I’ve been enjoying hosting a hotseat within a Master’s programme at Middlesex University in the UK – one of three I am doing for them. It’s something I can at least do from home while the earthquake has limited my access to my work environment.
The topic for the current hotseat is “making effective use of VLEs” (substitute LMS for VLE and it’s pretty much the same thing). There are an increasing number of UK schools making use of a VLE to support teaching and learning activities, and I was invited to facilitate some discussion in this course about what makes for effective use of a VLE – beyond simply using it at a place to share content and resources.
What follows is a excerpt from the material I put up for discussion – I can’t share the actual discussion that has ensued, but I can say it has stirred up considerable online discussion, with examples provided of VLE use at all levels from early years to senior secondary. Of particular interest to me in all of the responses is the assumption that the use of a VLE/LMS is not or can not be as good as a face-to-face experience.
Some basic questions we need to think about when considering how we can make effective use of VLEs are:
- What is a VLE and how can it be used?
- What are the potential benefits and pitfalls of using a VLE?
- is there a particular pedagogical approach that is necessary to make effective use of a VLE?
In the past 10 years we have seen a rapid adoption of Virtual Learning Environments (VLEs) in higher education and in the schooling sector. Both teachers and the institutions they work in are increasingly turning to VLEs in order to optimize the time spent teaching and provide a service for students who use the Internet as the main tool for finding information and resources. The term Learning Platform or VLE describes a broad range of ICT systems used to deliver and support learning. At the heart of any learning platform is the concept of a personalized online learning space for the student. This space should offer teachers and learners access to stored work, e-learning resources, opportunities for communication and facility to track progress. However up till now there has not been a strong track record in integrating VLEs effectively into teaching and learning programmes.
According to a JISC’s Introduction to managed learning environments, the term ‘virtual learning environment’ refers to the components in which learners and tutors participate in online interactions of various kinds, including online learning. Thus, a virtual learning environment can be any electronic space where learning can take place or where interactions occur.
The term VLE has been used synonymously with a Learning Management System (LMS), a software
application for the administration, documentation, tracking, and reporting of training programs, classroom and online events, e-learning programs, and training content. The Wikipedia entry of the history of the VLE shows how the evolution of a VLE includes LMS development.
Despite the reasonably large scale uptake, the perceived benefits of a VLE have not yet been widely realised – as confirmed by an OFSTED report published two years ago. In that report Christine Gilbert, chief inspector, said some schools and colleges were using VLEs as “dumping grounds or storage places for rarely-used files, rather than for material that enhanced the face-to-face learning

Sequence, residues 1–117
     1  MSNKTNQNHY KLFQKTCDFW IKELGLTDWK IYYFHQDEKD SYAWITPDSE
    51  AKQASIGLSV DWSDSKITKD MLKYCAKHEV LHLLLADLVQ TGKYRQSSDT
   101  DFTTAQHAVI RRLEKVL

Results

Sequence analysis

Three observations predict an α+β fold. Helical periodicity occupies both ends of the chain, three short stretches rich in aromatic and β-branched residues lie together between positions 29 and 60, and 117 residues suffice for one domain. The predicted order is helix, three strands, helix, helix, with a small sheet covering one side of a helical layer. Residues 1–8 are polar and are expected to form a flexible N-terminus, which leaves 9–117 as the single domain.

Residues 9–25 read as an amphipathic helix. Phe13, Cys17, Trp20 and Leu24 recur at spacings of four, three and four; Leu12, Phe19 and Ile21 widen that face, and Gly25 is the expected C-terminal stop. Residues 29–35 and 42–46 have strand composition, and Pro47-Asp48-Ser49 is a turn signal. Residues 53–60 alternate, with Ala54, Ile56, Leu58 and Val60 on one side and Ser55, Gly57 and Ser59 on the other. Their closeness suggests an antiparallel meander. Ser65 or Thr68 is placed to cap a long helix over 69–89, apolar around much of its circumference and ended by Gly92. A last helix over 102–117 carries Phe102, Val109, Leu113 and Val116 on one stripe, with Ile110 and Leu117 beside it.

done inside the classroom”.
Where effective use of VLEs were observed the reviewers reported:
“The best VLEs depended on an enthusiastic teacher, trainer or manager to develop materials and encourage their use amongst learners and staff. A good grasp of information technology was not critical to a good VLE; they flourished where skilled and confident teachers and tutors treated the VLE as an extension of their normal work.”
So what are the conditions required for effective use of VLEs?
In my experience from working with schools in the UK and in NZ I see many instances where a VLE/LMS (like many other technologies) has been introduced, training given on the essentials of how to upload material onto it, then it has been left to languish through lack of use (or abuse).
On the other hand there are, of course, examples of where excellent use has been made of a VLE/LMS, where it has become a part of the learning hub of the school, acting as the clearing house for course content, participation in projects, communication with parents etc.
So what makes the difference? There are two key considerations in my view. The first lies not in the choice of the technology for a VLE, but in the underlying understandings and applications of pedagogical thinking.
1 – The Pedagogical Imperative
We can (and have) spend countless hours debating the merits of various VLE platforms, but in the end it comes down to how they are used, rather than what use can potentially be made of them. Certainly, once one becomes more familiar with what can be done in an online environment one’s expectations are raised, and so one becomes more discriminating in terms of the particular platform, although that in itself is then problematic because you quickly realise that there is on single ‘ideal’ platform.